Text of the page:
Anyone involved with trying to pass a bond proposal knows there are a lot of moving parts. After working with your community and board to develop a proposal and abiding with the technical requirements of placing the question on the ballot, you are faced with the daunting task of asking voters to commit their hard-earned dollars to support a plan that will cost the community millions. Messaging is critical. There are seemingly an unending number of variables to consider. Ultimately, you are faced with turning complex details into a simple and concise message and presenting this message to a wide variety of constituents in your community. When considering everything that is at stake, this can feel like a daunting task!

Obviously, there is much to consider, and there is no “one size fits all” approach when it comes to messaging. That said, this article is intended to share a simple and effective strategy that can be used as part of your marketing and informational campaign. This approach also has benefits that extend beyond Election Day and can help market your bonds to a larger number of investors, increasing community buy-in and potentially driving down interest rates. To put it simply, the idea is to offer a retail order period with your residents getting priority.

When considering constituents, school leaders hope their communities are “invested” in their district. Normally when we think of people invested in the district, we think of people like band and athletic boosters, volunteers, unpaid board members, etc. These individuals all certainly meet a definition of being invested in the district. They invest their time and often financial resources with the hopes of getting a return that is not necessarily defined financially (but which is still very real). When you sell bonds, however, you offer your community the opportunity to “invest” in your district in the strictest financial sense of the term. You give them the opportunity to receive a financial return for investing in the school district! This is accomplished by creating a retail bond order period that gives your community members first priority when it comes time to purchase the bonds. Doing this essentially makes sure your community members are first in line when the sale occurs.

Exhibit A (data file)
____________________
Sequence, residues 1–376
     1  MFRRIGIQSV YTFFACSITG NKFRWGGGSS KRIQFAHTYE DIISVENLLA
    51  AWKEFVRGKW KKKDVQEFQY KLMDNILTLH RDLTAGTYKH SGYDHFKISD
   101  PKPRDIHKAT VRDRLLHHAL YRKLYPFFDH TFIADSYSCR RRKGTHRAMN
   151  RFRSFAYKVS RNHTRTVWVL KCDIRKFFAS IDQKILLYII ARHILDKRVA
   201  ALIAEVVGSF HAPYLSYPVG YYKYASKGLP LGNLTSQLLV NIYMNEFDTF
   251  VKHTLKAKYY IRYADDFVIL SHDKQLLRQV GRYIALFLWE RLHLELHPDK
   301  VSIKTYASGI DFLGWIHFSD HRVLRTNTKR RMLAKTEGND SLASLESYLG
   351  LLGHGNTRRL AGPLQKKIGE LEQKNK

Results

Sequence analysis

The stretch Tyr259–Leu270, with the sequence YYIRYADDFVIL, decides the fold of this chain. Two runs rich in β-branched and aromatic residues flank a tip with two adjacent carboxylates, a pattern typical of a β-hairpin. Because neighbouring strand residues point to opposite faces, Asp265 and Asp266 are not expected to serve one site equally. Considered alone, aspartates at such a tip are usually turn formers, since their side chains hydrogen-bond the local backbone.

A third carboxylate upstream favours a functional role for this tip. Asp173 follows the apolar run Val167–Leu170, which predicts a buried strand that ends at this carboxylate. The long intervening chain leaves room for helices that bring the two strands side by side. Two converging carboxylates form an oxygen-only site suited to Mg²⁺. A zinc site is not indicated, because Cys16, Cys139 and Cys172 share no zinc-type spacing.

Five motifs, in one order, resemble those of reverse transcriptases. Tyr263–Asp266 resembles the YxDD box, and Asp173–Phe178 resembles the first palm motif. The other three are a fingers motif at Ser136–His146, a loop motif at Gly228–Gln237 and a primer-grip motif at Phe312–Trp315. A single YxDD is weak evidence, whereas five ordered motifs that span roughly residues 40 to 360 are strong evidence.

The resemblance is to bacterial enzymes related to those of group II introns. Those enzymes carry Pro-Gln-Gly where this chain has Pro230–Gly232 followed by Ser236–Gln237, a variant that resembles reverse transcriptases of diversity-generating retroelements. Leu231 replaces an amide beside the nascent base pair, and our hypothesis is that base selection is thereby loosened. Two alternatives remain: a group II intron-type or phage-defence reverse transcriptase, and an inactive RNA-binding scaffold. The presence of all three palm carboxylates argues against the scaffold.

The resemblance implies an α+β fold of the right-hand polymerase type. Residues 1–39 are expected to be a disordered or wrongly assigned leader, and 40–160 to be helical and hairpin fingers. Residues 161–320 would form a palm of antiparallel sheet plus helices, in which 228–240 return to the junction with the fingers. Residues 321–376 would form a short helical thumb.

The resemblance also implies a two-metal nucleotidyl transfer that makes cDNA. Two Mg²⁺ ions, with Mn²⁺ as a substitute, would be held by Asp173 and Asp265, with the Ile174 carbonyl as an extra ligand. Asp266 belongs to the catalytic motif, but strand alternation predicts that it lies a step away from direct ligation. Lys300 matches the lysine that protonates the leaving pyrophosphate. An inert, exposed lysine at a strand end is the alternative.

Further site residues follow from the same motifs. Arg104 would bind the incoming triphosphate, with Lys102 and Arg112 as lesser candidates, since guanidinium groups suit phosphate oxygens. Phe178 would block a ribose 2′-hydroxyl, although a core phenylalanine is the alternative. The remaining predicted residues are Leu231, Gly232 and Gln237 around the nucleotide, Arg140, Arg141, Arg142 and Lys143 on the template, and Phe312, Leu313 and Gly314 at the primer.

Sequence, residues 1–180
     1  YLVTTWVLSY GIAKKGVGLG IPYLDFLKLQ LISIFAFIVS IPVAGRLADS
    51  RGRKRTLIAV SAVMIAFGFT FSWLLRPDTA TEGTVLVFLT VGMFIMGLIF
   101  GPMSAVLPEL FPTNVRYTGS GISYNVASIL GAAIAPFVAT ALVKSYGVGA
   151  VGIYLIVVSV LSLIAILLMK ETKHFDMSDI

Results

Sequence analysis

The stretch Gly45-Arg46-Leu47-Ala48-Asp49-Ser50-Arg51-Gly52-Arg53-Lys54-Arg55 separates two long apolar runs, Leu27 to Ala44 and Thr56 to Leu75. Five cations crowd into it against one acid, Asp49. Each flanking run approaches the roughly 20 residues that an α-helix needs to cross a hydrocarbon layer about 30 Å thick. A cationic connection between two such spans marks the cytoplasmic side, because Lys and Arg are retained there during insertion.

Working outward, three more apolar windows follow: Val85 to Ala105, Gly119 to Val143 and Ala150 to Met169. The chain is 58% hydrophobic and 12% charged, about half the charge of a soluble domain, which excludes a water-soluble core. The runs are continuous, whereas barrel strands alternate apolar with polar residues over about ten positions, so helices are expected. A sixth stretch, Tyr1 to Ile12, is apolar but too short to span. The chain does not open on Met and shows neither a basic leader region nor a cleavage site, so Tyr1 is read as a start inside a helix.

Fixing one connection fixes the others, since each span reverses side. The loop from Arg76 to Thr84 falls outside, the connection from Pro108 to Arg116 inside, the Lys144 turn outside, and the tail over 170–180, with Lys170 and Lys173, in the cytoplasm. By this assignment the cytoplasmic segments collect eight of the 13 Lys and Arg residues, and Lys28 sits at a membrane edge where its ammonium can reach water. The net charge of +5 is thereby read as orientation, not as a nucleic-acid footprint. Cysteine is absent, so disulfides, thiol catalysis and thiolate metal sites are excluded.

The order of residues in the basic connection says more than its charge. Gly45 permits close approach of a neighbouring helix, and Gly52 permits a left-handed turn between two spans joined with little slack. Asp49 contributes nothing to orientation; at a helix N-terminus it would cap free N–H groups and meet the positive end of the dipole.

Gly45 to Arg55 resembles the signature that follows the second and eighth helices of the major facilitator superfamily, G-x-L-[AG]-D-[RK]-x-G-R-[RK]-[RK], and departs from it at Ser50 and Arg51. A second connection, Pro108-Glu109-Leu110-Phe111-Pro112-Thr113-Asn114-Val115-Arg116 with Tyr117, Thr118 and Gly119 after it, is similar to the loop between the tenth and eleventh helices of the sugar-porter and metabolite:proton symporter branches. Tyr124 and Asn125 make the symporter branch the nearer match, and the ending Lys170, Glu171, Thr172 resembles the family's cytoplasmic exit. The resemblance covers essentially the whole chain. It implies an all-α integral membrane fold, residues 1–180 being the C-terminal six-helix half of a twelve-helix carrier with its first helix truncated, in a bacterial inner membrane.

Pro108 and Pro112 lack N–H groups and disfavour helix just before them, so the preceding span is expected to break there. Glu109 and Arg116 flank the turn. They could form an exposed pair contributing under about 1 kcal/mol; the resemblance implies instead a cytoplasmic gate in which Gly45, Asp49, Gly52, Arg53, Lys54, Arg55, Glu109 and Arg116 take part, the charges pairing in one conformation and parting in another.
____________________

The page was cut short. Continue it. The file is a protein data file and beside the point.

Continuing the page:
Giving your community priority when it comes to the sale of your bonds has tremendous value. It has value as a marketing strategy during your informational bond campaign, and it has value after your bond vote in helping spread positive district news. Perhaps the best part is that it is simple to do. You simply have to make it known to your Municipal Advisor and your Underwriter that you would like your community to have priority when it comes to buying your bonds. Your Underwriter will then create a retail order period that will make sure orders from your community members are filled first (prior to orders from retail and institutional investors who live outside your community).